I picked this book up on my most recent visit to the library on a whim, literally a few minutes before I was going to give up and walk out with just two books. Something about this one caught my eye and I’m SO glad it did. I literally read this in less than 12 hours – that’s how utterly engaged I was in the story. I honestly struggled writing this review because of how much I loved it – do you guys ever get that?
At a party thrown by her parents, Evelyn Hardcastle will be killed – again.
She’s been murdered hundreds of times, and each day, Aiden Bishop is too late to save her. The only way to break this cycle is to identify Evelyn’s killer.
But every time the day begins again, Aiden wakes in the body of a different guest. And someone is desperate to stop him ever escaping Blackheath.
The Seven Deaths of Evelyn Hardcastle is an absolutely stunning and riveting murder mystery and thriller all wrapped up into one. It reminds me of all the best parts of an Agatha Christie / Period mystery murder piece – the twists, the turns, the rich set pieces and costume. It all comes together to form a brilliant story which will keep even the most discerning reader guessing. I can honestly say I had no idea what was coming next and it was such an intricate puzzle which I loved getting to figure out piece by piece.
The novel is so atmospheric and as I mentioned briefly, reminiscent of a classic British murder mystery. I think the setting also plays a huge part in this as it all takes place in a secluded country estate, named Blackheath. The description of how run down Blackheath is nothing short of superb. From the well worn interiors, to the crumbling exterior and outer grounds, it all contributes to this atmosphere. The events of the novel take place on the eve of a massive party and a tragedy buried in the past, and as a result the Hardcastles are desperately trying to restore the estate to its former glory, to no avail.
Seven Deaths is also such a well written novel. The language and description is so rich and well constructed. Turton knows just how to build suspense and then deliver a satisfying payoff, at each turn. I found the various characters to be interesting and it was precisely because Aiden and the ‘host’ body had such distinct voices and personalities. It was fascinating to see the way each ‘host’ would influence Aiden in some way, and leave him changed and better equipped to solve the murder.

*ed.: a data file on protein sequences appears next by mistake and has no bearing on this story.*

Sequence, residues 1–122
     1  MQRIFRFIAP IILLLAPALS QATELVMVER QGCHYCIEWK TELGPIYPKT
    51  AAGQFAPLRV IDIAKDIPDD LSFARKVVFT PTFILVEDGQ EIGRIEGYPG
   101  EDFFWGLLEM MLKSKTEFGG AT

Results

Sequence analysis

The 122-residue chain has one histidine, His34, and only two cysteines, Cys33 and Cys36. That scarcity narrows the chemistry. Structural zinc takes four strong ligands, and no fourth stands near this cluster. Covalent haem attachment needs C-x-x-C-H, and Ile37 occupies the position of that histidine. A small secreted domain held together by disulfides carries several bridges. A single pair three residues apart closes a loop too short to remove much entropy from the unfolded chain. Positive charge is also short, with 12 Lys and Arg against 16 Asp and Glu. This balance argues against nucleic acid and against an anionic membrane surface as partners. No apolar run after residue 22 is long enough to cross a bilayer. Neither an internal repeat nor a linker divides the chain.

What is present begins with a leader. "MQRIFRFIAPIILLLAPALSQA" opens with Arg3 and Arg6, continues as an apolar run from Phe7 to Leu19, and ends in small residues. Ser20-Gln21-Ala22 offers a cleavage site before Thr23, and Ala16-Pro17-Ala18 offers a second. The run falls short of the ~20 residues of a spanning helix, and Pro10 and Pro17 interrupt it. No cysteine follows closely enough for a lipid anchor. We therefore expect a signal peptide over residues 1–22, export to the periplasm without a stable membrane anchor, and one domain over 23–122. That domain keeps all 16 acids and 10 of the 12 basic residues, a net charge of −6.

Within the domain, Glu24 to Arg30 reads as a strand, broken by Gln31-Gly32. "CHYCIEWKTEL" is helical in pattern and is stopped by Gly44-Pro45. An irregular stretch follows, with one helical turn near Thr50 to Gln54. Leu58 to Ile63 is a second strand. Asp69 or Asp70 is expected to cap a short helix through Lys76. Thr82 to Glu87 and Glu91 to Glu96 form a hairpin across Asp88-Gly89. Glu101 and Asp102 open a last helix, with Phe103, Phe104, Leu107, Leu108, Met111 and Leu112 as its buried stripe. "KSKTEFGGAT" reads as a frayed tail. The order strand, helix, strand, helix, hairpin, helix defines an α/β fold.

Another great element of the book are the range of characters explored. Turton delves into the darker side of human nature and indicates how everyone has their demons. It’s hard to pick a favourite out of the ‘hosts’ as they’re all guilty of some pretty questionable stuff but they’re compelling either way. While many of the characters are particularly loathsome; Jonathon Derby, who is a sexual predator, is definitely the most disturbing.
While Aiden is the main character of the novel, we don’t learn too much about him – which is quite unique. I feel like in most cases this wouldn’t work but in this novel it does, as Aidens backstory isn’t really essential to the plot itself. Alongside Aiden, there’s the mysterious Anna who dips in and out, but is she friend or foe?
Overall, The Seven Deaths of Evelyn Hardcastle was such an amazing read and I can’t wait to see what Turton writes next. I would recommend this to anyone, especially those in a bit of a reading slump, this book will be the remedy for that!
★★★★★ – 5 Star rating
Until next time,